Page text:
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Tiramisu

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Tiramisu is unique for a few reasons:  for one, its delicious mixture of lady fingers, soaked in “alkermes” liquor, espresso, chocolate, and egg custard proves to be a delightful but unconventional dessert, but even more mysterious about this dish is its history. There are a few stories about the origins of tiramisu but interestingly there is no written documentation of it until the 1980’s. One story claims tiramisu was created in Siena, Italy to celebrate the Grand Duke Cosimo de’ Medici’s visit and they called it zuppa del duca, meaning “the duke’s soup.” Some say after this it gained popularity in Florence, then England, and last to Treviso, Italy, which is famous for its tiramisu.  Another source dates this tasty treat all the way back to the Renaissance in Venice, where prostitutes supposedly used it for late night energy. Despite all the controversy, whenever tiramisu came to be doesn’t seem to matter to anyone who tastes this innovative and ingenious combination of ingredients.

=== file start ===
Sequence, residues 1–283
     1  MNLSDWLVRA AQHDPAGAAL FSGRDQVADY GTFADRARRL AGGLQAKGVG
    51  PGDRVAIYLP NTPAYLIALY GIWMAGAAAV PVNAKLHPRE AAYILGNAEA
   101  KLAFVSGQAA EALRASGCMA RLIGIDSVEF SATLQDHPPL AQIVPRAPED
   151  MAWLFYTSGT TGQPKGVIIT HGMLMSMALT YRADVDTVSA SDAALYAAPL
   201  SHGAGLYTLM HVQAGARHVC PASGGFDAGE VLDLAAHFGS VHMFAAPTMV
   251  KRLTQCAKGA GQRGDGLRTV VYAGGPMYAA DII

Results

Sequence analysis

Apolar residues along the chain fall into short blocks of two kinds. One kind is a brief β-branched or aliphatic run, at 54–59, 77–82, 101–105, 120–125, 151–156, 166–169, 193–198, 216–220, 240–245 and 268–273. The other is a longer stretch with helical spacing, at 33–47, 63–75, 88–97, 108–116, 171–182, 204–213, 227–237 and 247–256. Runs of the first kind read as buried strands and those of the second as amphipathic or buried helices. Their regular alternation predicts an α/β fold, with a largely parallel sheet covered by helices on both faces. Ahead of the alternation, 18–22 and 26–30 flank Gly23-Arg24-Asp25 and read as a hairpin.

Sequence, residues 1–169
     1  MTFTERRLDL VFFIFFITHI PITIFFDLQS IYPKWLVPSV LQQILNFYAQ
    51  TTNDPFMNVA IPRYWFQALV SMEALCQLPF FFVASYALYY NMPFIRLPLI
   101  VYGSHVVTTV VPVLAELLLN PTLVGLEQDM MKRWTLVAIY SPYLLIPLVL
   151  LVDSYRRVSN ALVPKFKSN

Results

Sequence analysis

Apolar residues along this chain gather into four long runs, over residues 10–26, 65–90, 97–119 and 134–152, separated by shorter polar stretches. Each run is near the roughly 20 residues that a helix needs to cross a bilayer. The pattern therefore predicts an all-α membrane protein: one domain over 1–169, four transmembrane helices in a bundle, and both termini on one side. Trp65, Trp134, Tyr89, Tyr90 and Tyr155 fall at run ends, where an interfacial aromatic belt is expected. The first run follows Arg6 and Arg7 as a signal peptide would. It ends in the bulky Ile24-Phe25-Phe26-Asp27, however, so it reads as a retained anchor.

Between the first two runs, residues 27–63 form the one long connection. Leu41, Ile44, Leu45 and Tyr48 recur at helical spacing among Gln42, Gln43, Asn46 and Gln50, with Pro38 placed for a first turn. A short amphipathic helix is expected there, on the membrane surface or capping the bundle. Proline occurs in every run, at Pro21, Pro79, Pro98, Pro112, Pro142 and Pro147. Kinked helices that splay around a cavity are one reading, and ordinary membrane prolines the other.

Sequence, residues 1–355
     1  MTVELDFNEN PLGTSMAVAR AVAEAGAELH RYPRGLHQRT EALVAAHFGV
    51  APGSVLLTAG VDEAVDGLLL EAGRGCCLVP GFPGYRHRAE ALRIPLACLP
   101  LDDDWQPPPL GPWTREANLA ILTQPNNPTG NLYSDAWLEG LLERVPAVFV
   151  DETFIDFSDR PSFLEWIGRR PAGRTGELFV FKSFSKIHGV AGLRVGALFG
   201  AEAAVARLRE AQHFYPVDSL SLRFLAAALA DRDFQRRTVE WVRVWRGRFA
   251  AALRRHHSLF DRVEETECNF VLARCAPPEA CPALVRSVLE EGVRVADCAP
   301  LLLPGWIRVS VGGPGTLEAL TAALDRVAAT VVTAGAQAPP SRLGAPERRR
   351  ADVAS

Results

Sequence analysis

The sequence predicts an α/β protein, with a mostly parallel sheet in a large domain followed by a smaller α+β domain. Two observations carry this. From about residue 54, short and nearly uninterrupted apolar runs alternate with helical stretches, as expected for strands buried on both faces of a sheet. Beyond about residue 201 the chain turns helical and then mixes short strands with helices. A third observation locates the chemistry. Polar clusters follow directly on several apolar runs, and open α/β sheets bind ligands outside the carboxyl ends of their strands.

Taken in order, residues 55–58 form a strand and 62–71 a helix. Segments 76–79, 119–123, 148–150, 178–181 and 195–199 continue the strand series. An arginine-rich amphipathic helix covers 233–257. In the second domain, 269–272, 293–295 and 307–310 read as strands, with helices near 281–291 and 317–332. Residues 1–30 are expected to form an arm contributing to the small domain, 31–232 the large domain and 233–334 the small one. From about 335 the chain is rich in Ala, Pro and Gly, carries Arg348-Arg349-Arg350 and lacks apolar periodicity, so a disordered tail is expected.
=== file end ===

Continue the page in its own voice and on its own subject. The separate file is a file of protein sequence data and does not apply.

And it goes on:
Tiramisu (light version)
(copyright 2005-2007, The Basic Art of Italian Cooking by Maria Liberati)
 

*16 ounce package of savoiardi or ladyfingers
*1 cup espresso coffee with 1 tablespoon sugar or 2 packets of artificial
sweetener
*powdered cocoa
*1 tsp amaretto or anisette liqueur
 *16 ounces of fat free coffee flavored yogurt
*small piece of dark chocolate (at least 60% cocoa)
 

Place espresso coffee with 1 tbsp. of sugar or 2 packets of artificial sweetener in shallow bowl. Wet each ladyfinger in the coffee mixture for about 2 seconds. Then arrange biscotti side by side on a plate. Place yogurt in bowl, place in liqueur (if desired) and blend with spoon. Spread about 3/4 of yogurt mixture on top of ladyfingers. Repeat again and top with ladyfingers and then top with remaining yogurt mixture. Place in refrigerator for at least one hour. Right before serving, dust with powdered cocoa and shave some dark chocolate on top.
 

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